Genesis—An artificial, low velocity "meteor" fall and recovery: September 8, 2004
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CitationReVelle, D. O., Edwards, W., & Sandoval, T. D. (2005). Genesis—An artificial, low velocity “meteor” fall and recovery: September 8, 2004. Meteoritics & Planetary Science, 40(6), 895-916.
PublisherThe Meteoritical Society
JournalMeteoritics & Planetary Science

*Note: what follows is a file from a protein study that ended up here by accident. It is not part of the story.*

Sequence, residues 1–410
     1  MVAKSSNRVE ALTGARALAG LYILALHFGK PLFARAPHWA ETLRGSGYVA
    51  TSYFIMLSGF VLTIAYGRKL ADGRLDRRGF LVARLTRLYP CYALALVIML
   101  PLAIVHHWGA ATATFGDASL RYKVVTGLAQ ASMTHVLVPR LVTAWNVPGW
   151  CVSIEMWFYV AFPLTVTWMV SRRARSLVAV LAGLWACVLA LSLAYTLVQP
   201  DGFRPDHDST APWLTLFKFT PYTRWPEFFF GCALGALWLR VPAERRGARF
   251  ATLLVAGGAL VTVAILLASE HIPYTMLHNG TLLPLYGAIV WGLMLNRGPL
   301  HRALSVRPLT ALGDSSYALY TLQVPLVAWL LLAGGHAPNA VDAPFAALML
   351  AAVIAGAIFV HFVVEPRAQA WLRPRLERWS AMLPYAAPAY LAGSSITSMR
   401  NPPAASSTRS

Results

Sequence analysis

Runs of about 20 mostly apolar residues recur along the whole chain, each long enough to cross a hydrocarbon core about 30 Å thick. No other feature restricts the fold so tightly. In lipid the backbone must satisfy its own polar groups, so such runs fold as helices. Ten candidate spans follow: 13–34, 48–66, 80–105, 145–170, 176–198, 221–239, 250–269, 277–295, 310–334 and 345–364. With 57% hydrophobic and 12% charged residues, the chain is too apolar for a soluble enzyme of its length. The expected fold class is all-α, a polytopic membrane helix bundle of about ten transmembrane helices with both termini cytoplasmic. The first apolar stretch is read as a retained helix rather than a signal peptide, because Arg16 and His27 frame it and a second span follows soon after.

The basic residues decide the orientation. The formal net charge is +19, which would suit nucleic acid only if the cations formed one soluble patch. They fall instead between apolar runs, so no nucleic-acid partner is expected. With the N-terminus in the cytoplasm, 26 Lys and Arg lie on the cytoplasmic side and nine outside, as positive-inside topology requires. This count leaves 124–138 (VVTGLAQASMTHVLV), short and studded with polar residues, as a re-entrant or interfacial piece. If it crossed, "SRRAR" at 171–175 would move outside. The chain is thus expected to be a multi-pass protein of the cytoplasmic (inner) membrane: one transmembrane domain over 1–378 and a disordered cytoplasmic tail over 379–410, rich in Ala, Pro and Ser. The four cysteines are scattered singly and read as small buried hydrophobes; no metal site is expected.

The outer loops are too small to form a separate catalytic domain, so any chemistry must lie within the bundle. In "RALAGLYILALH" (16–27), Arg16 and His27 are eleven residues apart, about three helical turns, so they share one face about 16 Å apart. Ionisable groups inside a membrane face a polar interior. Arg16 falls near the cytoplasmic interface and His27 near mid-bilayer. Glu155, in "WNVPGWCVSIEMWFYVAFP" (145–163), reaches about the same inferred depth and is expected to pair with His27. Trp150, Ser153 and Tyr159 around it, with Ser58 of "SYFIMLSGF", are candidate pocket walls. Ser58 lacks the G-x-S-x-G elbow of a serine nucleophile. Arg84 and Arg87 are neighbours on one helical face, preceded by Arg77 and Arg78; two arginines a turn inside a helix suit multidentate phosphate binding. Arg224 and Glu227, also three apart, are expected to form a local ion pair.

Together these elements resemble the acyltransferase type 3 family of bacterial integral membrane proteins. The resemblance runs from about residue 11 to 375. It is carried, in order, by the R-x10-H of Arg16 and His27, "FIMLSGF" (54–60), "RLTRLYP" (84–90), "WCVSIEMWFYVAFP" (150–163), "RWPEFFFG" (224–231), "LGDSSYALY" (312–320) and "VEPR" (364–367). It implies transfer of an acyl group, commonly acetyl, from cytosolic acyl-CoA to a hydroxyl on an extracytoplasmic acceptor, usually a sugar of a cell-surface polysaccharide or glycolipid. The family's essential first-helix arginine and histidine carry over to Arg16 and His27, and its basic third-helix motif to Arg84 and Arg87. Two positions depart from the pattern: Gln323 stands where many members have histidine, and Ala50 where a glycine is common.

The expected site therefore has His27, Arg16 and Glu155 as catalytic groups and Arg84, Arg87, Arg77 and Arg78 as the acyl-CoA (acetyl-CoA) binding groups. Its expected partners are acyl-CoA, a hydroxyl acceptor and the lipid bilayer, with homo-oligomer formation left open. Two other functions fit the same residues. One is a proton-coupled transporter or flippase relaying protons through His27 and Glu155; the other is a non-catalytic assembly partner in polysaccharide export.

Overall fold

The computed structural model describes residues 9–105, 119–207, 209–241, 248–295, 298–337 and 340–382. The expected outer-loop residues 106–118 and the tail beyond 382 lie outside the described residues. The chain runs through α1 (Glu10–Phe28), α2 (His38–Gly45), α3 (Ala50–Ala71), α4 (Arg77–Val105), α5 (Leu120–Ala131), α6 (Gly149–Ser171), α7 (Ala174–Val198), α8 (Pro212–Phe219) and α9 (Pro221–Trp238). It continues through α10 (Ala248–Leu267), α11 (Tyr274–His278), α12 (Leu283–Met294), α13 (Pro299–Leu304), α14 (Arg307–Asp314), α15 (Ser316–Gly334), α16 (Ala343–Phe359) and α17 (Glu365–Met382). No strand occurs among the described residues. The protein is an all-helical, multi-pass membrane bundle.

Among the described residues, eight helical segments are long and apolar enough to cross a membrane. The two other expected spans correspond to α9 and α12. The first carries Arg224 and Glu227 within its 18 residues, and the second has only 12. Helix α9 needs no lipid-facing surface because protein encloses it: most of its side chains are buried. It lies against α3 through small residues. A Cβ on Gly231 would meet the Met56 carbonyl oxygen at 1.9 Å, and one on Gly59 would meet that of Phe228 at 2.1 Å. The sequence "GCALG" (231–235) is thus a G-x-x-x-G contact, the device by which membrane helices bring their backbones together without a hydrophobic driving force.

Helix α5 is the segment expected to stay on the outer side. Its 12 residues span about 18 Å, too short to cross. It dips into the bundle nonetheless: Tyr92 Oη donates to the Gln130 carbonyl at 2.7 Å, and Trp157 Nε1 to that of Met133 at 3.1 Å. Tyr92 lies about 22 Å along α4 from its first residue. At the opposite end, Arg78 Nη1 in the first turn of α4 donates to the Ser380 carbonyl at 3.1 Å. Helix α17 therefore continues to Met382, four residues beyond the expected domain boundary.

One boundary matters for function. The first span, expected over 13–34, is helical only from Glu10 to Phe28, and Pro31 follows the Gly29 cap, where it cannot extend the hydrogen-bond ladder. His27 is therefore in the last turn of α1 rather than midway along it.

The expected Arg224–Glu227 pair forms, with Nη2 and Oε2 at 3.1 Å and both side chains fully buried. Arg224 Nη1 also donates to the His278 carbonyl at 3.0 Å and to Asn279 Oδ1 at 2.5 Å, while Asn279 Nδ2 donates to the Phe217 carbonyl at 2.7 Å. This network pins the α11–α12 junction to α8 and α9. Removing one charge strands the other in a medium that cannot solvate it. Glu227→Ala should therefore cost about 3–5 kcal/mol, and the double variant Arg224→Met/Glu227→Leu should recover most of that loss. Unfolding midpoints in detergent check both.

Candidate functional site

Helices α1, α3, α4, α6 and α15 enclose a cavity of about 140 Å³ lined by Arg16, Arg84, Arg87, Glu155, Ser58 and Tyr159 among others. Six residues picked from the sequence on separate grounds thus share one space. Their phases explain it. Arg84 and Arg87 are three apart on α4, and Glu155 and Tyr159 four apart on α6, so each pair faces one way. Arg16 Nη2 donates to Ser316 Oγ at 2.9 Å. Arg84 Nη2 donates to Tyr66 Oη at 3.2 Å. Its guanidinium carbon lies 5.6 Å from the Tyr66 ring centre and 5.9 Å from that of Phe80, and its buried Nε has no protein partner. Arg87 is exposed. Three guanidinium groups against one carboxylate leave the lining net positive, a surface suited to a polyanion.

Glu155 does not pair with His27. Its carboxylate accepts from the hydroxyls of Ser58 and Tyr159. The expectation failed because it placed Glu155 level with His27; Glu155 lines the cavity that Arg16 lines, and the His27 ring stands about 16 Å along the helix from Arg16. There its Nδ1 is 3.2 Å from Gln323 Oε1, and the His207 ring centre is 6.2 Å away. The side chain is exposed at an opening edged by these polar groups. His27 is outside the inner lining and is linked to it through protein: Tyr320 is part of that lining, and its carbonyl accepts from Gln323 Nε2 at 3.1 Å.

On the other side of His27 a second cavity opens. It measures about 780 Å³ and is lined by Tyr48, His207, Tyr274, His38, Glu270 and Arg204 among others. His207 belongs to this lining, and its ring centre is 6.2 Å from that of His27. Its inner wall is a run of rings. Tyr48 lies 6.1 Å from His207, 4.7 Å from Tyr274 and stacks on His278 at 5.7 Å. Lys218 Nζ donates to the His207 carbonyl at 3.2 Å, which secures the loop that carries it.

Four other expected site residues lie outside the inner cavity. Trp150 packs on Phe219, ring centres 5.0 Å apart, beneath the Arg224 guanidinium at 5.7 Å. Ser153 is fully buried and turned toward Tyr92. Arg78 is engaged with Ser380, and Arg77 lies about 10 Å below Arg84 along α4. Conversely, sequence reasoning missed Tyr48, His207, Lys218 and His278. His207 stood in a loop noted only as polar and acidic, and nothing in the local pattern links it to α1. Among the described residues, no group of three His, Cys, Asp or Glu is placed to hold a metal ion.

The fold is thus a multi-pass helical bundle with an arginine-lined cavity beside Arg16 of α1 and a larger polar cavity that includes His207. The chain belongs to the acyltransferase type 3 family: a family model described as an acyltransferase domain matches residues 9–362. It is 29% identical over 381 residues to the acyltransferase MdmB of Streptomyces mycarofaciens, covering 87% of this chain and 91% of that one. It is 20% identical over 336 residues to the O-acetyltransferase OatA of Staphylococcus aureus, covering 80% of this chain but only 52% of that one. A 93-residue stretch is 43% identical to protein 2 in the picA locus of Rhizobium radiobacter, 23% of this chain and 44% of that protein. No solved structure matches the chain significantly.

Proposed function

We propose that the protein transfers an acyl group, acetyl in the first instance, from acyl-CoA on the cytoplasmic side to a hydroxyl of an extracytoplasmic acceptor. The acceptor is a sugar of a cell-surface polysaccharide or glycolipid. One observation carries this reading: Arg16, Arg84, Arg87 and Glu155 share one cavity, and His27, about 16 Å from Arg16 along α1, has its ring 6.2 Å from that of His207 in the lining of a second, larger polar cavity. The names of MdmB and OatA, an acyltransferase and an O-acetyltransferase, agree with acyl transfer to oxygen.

AbstractOn September 8, 2004, Genesis, a manmade space capsule, plummeted to Earth after almost three years in space. A ground-based infrasound array was deployed to Wendover, Nevada, to measure the "hypersonic boom" from the reentry, since the expected initial reentry speed of the body was about 11 km/sec. Due to the complete failure of its dual parachute system, we had a unique opportunity to assess the degree of reliability of our previously developed relations for natural meteors and bolides to analyze this well-characterized manmade body. At ~20-50 km from the nominal trajectory, we succeeded in recording over two minutes of infrasonic signals from Genesis. Here we report on subsequent analyses of these infrasonic data, including an assessment of the expected entry characteristics on the basis of a bolide/meteor/fireball entry model specifically adapted to modeling reentering manmade objects. From these simulations, we were able to evaluate the line source blast wave relaxation radius, the differential acoustic efficiency, etc., to compute an approximate total power balance during entry. Next, we analyzed the detailed signals arriving from Genesis using a numerical, signal detection and wave processing software package (Matseis/ Infra_Tool). We established the initial and subsequent arrivals and evaluated its plane wave back azimuths and elevation arrival angles and the degree of maximum, pair-wise cross-correlation, its power spectrum, spectrogram analysis, standard seismic f-k analysis, etc. From the associated entryparameters, we computed the kinetic energy density conservation properties for the propagating line source blast waves and compared these predictions against observed ground-based infrasound amplitude and wave period data as a function of range. We discovered that previously computed differential acoustic efficiencies were unreliable at Mach numbers below about 10. This is because we had assumed that a line source explosion was applicable, whereas at very low Mach numbers, typical of recovered meteorites, the detailed source characteristics are closer to those of supersonic objects. When corrections for these unphysical, very high efficiencies were made, agreement between theory and observations improved. We also made an assessment for the energy of the blast wave source from the ground-based infrasound data using several other techniques that were also adapted from previous bolide studies. Finally, we made a top-downbottom-up assessment of the line source wave normals propagating via refraction downward into the complex middle atmospheric environment. This assessment proved to be generally consistent with the digital signal processing analysis and with the observed time delay between the known Genesis reentry and the infrasonic observations.